Monday, December 12, 2016

12/12 -- Via Francigena and a Pilgrimage Hike

We got to sleep in today, and headed out at 9:15 to learn about the Via Francigena and to walk a portion of it. Like our Spanish trip in September, we are roughly following another pilgrimage route from a thousand years ago. This one starts in Canterbury, England and ends in Rome. The first official documentation of it documented 79 days of hiking to cover 1,100 miles, half of which are in Italy. Being on the route brought fame and fortune to the villages along the way and other locations were interested in attracting pilgrims and their willingness to spend money on food,  lodging, and religious donations. Pilgrims were especially interested in seeing relics, like the 'True Face of Jesus' in Lucca.

One story that arose in this area was about a soldier named Galgano. From Wikipedia: "Galgano had two visions, both involving Archangel Michael: in the first vision the Archangel told Galgano that he was going to be protected by the Archangel himself. In the second vision, Galgano was following the Archangel and they arrived to the hill of Monte Siepi where they met the twelve Apostles and the Creator himself. After the visions, it is said that Galgano's horse refused to obey his orders and led him on top Monte Siepi where his vision happened. Convinced that this was a sign, Galgano decided to plant a cross. Since he had no way to make one of wood, he planted his sword in the ground. The sword is said to have immediately became one piece with the ground so that nobody could remove it. A story says that in one of the visions, he was told to renounce material things. He, stating that it would be as hard as splitting a rock, decided to make his point by attempting to plunge his sword into one. The story goes on saying that the "stone yielded like butter"."

After Galgano died, he was sanctified within four years. Three thieves tried to steal the sword and were each punished: one was killed by lightning, another drowned, and the third was attacked by wolves. He prayed to San Galgano for forgiveness, and he was saved, but lost his forearms in the attack because he couldn't get off scott free. His arms are the relic in the circular church that people came to see, along with the sword in the stone.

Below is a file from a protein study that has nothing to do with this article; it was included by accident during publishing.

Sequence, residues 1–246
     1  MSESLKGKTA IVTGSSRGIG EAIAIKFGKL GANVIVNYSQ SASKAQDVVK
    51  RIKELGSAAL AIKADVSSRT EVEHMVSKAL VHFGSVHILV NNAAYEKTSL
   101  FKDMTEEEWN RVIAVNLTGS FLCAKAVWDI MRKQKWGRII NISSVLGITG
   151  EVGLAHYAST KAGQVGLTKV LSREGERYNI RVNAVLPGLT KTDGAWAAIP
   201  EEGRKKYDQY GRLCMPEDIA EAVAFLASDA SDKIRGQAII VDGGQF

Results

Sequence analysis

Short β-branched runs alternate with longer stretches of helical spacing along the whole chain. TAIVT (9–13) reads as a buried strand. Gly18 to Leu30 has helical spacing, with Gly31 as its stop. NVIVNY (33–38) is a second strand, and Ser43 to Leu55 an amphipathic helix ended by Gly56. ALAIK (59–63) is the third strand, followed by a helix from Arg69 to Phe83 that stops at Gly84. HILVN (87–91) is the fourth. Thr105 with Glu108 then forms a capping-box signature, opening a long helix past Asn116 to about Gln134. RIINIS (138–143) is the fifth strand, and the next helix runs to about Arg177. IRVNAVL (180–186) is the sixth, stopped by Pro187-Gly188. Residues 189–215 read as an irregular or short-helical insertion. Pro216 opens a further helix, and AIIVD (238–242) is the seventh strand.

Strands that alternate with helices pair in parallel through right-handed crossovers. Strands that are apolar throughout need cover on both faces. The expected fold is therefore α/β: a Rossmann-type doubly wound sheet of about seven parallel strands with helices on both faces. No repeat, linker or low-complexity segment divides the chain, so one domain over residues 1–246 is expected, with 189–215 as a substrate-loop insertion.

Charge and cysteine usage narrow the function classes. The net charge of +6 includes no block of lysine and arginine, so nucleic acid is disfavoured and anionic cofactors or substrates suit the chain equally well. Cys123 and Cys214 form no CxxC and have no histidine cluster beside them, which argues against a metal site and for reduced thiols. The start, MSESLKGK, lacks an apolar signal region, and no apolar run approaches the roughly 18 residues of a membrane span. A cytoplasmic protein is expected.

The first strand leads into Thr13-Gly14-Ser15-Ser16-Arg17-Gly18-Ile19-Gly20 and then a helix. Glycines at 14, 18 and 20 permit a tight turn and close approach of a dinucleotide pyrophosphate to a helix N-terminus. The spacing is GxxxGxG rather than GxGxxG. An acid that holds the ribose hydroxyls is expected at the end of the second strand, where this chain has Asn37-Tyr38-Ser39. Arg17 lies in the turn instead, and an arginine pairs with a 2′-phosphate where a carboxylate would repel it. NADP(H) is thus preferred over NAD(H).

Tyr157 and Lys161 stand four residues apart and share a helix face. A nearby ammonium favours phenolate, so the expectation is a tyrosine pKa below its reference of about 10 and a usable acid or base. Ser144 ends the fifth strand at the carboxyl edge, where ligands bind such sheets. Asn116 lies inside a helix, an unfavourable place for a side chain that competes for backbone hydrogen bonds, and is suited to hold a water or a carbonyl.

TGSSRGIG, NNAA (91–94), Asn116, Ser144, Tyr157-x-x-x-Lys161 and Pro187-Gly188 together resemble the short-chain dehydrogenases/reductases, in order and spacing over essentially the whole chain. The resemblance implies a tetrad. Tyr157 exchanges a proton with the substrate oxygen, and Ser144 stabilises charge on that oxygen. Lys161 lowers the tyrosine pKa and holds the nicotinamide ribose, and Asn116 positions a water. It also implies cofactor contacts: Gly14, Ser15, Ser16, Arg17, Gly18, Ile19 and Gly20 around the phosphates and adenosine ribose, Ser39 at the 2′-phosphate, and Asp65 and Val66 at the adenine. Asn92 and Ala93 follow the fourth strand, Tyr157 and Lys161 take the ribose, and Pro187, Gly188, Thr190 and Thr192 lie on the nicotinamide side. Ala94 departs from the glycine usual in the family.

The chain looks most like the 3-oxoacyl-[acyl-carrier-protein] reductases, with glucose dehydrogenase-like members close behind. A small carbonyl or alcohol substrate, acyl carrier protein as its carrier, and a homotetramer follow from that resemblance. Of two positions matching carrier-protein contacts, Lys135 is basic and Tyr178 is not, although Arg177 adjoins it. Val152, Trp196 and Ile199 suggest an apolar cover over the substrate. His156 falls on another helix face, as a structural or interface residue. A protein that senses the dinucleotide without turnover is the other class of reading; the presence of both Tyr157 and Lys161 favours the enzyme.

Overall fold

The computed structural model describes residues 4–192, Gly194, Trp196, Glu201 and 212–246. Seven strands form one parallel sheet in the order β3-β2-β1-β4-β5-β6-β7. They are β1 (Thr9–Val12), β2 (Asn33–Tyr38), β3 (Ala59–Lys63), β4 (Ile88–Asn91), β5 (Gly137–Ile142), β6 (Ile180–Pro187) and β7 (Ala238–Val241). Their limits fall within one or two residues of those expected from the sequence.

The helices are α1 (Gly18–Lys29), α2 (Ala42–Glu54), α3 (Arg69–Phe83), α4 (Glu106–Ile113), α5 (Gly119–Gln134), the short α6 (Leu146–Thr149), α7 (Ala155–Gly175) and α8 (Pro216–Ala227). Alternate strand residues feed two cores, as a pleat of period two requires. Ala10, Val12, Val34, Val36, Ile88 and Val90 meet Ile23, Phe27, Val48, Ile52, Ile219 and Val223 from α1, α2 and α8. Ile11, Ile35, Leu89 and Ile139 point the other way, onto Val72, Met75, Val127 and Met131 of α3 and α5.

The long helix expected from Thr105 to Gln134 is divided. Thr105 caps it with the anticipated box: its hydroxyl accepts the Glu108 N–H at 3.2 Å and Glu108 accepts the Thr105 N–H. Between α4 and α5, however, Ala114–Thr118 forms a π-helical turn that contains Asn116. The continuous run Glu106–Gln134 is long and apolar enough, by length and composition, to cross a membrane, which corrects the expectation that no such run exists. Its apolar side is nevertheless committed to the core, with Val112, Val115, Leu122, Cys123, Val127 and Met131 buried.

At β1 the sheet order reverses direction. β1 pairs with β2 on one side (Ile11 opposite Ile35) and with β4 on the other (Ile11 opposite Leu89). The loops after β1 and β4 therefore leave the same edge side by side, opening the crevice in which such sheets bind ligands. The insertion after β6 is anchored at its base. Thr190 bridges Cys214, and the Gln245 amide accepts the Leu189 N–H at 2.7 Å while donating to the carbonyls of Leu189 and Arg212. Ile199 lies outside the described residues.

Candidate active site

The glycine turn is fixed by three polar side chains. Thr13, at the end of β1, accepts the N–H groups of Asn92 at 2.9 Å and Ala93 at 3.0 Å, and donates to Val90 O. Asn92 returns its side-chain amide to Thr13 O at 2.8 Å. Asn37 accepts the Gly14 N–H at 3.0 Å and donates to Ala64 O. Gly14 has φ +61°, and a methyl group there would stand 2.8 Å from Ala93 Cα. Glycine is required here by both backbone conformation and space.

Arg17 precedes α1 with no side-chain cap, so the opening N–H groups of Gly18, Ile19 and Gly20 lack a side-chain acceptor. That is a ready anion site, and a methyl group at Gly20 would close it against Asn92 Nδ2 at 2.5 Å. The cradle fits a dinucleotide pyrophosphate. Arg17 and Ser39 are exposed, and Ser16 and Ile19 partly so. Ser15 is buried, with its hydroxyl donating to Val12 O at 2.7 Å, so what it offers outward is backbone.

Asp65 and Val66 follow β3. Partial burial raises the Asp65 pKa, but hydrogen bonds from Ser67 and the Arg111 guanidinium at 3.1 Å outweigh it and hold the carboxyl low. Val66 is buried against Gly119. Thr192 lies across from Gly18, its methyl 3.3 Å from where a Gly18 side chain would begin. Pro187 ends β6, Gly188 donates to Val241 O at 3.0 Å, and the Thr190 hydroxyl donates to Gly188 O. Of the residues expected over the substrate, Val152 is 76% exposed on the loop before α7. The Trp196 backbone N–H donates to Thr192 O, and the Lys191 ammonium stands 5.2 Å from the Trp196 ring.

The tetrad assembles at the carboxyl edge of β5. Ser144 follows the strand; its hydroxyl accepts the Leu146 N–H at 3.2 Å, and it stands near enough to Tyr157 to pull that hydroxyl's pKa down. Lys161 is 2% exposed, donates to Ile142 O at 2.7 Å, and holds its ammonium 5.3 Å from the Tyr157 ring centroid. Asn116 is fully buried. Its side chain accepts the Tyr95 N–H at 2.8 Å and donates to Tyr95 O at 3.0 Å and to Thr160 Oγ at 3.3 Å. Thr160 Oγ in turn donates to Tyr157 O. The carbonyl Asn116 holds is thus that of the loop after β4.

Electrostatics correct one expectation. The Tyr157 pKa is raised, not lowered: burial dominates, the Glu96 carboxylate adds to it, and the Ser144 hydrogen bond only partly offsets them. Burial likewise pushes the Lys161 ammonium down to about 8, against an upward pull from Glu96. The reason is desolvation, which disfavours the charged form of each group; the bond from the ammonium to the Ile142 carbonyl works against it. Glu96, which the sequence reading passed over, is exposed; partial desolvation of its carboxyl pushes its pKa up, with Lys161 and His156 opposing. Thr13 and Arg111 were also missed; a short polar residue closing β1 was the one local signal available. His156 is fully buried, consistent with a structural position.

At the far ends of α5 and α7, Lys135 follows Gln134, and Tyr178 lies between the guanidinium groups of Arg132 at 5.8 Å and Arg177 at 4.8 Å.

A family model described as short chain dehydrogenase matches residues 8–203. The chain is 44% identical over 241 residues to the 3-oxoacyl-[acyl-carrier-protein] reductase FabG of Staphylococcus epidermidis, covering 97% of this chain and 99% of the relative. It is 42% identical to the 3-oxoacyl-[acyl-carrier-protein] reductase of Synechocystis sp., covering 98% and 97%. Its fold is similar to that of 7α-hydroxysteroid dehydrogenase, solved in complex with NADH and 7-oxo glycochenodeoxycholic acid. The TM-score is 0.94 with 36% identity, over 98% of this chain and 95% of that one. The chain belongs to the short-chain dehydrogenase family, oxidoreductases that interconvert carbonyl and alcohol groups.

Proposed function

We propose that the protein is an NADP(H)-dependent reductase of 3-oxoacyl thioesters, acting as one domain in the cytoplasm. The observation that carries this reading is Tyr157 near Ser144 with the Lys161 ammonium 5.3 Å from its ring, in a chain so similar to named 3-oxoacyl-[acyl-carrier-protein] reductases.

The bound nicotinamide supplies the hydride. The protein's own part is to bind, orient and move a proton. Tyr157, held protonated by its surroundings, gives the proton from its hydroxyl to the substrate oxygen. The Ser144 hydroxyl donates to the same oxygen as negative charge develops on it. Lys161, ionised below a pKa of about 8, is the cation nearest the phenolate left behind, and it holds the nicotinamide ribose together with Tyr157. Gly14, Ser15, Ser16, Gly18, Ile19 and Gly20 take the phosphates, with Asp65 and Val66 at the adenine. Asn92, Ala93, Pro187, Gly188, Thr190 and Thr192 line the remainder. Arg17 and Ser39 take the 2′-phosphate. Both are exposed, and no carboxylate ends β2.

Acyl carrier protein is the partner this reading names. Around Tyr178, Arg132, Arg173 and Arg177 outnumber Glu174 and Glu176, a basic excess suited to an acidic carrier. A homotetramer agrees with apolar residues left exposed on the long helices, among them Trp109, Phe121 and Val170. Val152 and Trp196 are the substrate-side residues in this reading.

This could have been the origin of King Arthur's sword in a stone because even though the events in the books occurred hundreds of years earlier, the first book was about him was written in the early 1400s, well after the time of San Galgano.
The Church of San Galgano -- it was very foggy most of the

Interior of the church

A side chapel that was added  later. Under the
red fabric on the right is the relic.

Lodo showing us the relic of the arms lost to the wolves. It
doesn't pay to ask how they were recovered from the wolves...

The sword in the stone.

From there, we visited a nearby abbey that fell into disuse and lost its roof in the 1700s and is now a charming ruin.

The Abbey in the fog
Abbey interior

Jim in the abbey interior

Pigeons are nesting in these little gaps in the
exterior walls, which there are many of.

Abbey after the sun came out

View of the area after the fog lifted.
San Galgano Church minus the fog.
Next was lunch in the hill town where San Galgano was born, Chiusdino. We walked up to the top of the town and on the way down, stopped at his birthplace. His mother donated the first floor of her house to the church and it is now a small chapel. It also has a relic, the knee of the horse Galgano rode that dropped to its knees to force Galgano off to respond to his vision.
Entrance to the town

Santa's mailbox

We saw this in Lucca too -- need to check with
Lodo on the significance. Is Santa going in or out??

View of the valley from Chiusdino
Steep streets

Well head for the village

Relic of San Galgano's skull in a church near
the top the village.

San Galgano's birthplace

San Galgano Chapel interior

Relic of San Galgano's horse's knee

After lunch, we drove to a point about 2.3 miles from a pilgrimage stop and walked the route to Monteriggioni, the hill town that marked the end of a day's hike. It was pretty flat most of the way, until the uphill part, which was as steep as the hill from our bus stop at home only two to three times longer.  That marked the end of our day and we returned to our Villa for dinner and collapse. Compared to the last three days, this one was pretty easy -- only 12,000+ steps vs. almost 18,000 each of the last three days.
Where we started our walk on the Via Francigena

Our objective: Monteriggioni

Welcome sign in Monteriggioni, letting you know you only
have 300 km (188 miles) left to walk.

Moonrise over Monteriggioni

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